The history of labor unions
Skilled workers have some of the world's most challenging and essential jobs. In the early days of industrialization, business owners were king. They decided who worked, how long, and how much they got paid. As you may imagine, this often led to foul conditions and inequity in many work environments. Child labor, twelve-hour work days, and meager pay were common. Eventually, employees had had enough and joined forces to negotiate for everything from improved working conditions and shorter hours to establishing the minimum wage. These organized groups are still around today and are referred to as labor or trade unions.
Modern-day labor unions, like their ancestors, are an association of workers who join forces to make decisions about wages, working conditions, and much more. Over time, they have become much more developed and strongly influence many industries. So what are the pros and cons of a union group? And how do you know what's right for you?
Labor Union Pros
Labor unions determine the rate of the cost of their services. They work on behalf of their members to negotiate higher salaries with employers. This representation has been shown to raise the average pay for workers in the industry. Additionally, this rise has resulted in higher wages regardless of union membership. However, union members continue to statistically have higher salaries than non-union members.
From the start of the hiring process, labor unions represent their members and help negotiate their benefits. Unions assure that their members get the most out of the deal. They set high standards regarding work conditions, hours, and safety. Therefore, healthcare, insurance, retirement, and PTO are improved for those who join a labor union.
In the trades, networking is key. As a union member, you can connect with fellow members and be a part of a tight-knit community that relies on each other for advice, referrals, and job opportunities. This could facilitate your advancement in their industry, especially if you're not so social and struggle to find networking opportunities on your own.
Working conditions can become dangerous very quickly when working in the trades. Unions put their members' safety at the front line and assure employers watch out for their workers on the job site. Suppose an employer fails to implement safety procedures on a job site or requires employees to use unsafe machinery. In that case, union workers can use the union's support to negotiate without the risk of losing their jobs.
Greater job security
Job security is at the top of the list regarding a person's career. Labor unions enforce strict policies to protect their workers from being terminated by their employers. With a union contract to back you up, a boss or manager will only be able to fire you for a just cause. Union support gives members additional protection when fighting for safer and improved work environments. However, it can also make organizations hesitant to hire you in the first place and has been a controversial factor regarding unions in recent years.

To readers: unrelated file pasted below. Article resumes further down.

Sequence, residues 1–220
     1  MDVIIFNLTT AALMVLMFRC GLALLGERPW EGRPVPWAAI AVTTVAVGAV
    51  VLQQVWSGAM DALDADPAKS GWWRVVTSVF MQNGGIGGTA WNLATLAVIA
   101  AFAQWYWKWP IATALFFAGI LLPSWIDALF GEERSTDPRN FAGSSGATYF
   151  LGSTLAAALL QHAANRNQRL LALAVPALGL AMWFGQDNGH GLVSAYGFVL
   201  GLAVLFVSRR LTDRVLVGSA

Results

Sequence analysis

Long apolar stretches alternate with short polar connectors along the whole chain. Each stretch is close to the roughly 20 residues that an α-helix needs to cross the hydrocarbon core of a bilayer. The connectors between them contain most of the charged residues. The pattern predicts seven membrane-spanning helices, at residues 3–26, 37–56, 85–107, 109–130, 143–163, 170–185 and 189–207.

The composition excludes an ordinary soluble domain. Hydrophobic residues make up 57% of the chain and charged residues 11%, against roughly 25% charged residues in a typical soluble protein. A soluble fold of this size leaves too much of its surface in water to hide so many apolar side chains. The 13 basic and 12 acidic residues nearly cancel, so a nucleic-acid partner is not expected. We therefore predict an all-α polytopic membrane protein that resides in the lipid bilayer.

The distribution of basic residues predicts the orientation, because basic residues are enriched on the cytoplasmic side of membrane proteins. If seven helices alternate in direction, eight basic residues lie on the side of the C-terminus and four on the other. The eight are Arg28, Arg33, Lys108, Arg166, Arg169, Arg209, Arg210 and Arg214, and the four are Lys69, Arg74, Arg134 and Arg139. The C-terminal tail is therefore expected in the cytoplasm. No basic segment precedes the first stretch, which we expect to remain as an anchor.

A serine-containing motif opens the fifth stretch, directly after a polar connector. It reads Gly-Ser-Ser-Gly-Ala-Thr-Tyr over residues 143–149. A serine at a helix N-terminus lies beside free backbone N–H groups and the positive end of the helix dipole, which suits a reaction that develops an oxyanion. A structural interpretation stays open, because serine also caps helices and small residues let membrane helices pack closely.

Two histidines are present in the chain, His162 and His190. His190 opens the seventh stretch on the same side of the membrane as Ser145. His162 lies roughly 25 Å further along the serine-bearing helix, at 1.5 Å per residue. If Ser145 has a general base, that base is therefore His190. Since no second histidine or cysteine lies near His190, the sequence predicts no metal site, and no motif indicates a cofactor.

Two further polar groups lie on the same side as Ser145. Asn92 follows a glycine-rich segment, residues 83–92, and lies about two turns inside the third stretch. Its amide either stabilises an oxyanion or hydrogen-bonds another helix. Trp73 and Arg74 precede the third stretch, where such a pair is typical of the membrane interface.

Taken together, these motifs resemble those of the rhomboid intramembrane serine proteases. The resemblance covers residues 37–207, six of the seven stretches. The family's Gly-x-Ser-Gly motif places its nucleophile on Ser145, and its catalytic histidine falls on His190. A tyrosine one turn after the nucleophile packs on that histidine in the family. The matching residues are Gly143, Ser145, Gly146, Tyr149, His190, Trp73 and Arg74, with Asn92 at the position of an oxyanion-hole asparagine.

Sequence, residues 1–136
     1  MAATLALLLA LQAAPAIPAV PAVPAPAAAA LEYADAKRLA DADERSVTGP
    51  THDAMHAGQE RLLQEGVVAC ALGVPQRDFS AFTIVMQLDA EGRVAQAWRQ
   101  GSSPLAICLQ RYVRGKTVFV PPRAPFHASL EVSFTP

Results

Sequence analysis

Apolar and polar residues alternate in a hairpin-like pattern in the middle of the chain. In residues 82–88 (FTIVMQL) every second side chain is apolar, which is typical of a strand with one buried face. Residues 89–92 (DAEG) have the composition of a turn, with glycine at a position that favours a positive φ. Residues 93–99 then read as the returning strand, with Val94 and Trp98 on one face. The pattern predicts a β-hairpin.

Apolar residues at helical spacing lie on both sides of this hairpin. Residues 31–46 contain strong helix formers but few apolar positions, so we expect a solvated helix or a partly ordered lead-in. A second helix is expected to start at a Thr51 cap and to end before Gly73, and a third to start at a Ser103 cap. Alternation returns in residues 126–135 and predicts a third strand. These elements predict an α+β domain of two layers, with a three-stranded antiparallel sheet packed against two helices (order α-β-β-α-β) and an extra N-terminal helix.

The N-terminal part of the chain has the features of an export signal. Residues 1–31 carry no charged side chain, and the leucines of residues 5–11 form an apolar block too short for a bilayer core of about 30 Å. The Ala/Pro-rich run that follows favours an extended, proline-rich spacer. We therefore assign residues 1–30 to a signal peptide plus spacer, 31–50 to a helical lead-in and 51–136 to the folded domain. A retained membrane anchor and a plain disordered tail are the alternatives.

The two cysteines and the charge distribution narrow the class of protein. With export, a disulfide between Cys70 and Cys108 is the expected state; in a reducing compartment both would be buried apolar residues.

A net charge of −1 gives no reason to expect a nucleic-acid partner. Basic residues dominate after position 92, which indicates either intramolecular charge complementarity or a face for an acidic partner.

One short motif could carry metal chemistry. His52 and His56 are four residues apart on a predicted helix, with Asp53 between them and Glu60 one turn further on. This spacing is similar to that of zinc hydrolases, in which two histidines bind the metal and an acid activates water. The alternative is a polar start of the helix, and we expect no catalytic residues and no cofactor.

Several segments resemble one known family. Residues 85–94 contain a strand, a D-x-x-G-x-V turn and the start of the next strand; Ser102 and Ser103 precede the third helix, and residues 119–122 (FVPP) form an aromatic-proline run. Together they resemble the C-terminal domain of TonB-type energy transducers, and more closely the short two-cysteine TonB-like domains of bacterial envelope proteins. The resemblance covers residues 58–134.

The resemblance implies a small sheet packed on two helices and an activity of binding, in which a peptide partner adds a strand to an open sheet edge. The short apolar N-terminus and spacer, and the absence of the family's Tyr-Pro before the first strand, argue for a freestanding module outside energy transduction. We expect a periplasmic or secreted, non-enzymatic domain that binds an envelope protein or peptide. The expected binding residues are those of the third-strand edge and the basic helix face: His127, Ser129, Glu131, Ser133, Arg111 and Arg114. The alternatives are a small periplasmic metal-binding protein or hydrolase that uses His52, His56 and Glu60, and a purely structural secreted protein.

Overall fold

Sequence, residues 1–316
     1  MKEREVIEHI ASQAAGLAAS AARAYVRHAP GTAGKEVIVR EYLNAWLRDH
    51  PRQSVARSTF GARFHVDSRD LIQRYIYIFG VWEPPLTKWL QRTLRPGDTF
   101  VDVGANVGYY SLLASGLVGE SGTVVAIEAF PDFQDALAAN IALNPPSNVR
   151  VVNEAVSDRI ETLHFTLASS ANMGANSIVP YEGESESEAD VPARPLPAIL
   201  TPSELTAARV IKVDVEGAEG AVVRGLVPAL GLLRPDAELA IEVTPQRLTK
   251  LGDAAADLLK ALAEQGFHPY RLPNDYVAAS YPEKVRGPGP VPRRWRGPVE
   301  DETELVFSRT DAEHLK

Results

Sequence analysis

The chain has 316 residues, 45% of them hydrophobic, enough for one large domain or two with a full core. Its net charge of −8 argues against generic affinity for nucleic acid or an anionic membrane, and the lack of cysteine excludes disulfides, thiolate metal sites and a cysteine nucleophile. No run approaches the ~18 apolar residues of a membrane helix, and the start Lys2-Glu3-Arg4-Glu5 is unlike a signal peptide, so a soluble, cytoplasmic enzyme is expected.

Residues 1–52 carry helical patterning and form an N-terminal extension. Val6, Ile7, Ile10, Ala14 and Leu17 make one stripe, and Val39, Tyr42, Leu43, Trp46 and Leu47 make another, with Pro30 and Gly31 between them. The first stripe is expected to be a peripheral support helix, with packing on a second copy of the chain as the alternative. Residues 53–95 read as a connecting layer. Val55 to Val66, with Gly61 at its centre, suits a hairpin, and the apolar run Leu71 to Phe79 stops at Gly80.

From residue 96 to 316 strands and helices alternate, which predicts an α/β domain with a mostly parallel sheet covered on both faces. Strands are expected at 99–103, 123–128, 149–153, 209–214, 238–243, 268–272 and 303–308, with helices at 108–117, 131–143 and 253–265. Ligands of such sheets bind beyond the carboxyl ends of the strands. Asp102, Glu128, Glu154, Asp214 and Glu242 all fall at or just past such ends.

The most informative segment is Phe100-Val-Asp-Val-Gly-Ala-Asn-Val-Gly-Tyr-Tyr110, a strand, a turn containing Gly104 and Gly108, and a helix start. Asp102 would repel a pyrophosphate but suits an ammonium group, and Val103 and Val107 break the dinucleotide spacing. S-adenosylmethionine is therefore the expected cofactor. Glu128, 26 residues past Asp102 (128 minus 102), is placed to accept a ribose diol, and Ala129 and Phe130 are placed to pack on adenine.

Labor Union Cons
Union dues are subject to state and federal laws. They cover the members' benefits, salaries, events, campaigns, legal representation, and anything else the organization sees necessary. As you may imagine, they can get exceptionally high in some cases, and corruption is not unheard of. High union dues have, in some cases, been found to be allocated to increased salaries and perks for union leaders. However, this is not always the case. So make sure to do your research, and compare the union fees with the legitimacy of the resources they offer before joining.
Union members have to abide by the union's decisions. You may experience limited bargaining power and be unable to accept specific deals without consulting with your union leaders. This can become quite frustrating in some situations as a high-performing individual with connections and experience. You may find you can move up the ladder faster on your own.
In a union, seniority matters. A member that has been a part of the organization for twenty years will have access to more opportunities than someone who has recently joined. Consequently, giving your 100% daily, making connections, and producing the best quality results will not necessarily speed track your way to the top. If you have a strong work ethic, can negotiate skillfully on your own, and have a knack for networking, a union might not be as beneficial for you as someone who lacks those characteristics.
Distrust with employers
Unions can make it very difficult to fire and take away work from employees. These policies have historically made it very difficult to enforce high standards in the workplace in some contexts. Employers sometimes feel that they are unable to reprimand underperforming workers. This may lead to difficulties communicating and negotiating with your employers as an individual.
Overall, there are many pros and cons to joining a union. Your level of experience, work ethic, and career goals should be considered carefully before making a decision. The most important thing to remember is that there are laws and regulations in place to protect you regardless of your decision. Depending on your state, your employer may face restrictions and legal repercussions for reprimanding you for considering or joining a union. Similarly, unions are not permitted to enforce retributions for those who choose not to join or do not follow their demands.
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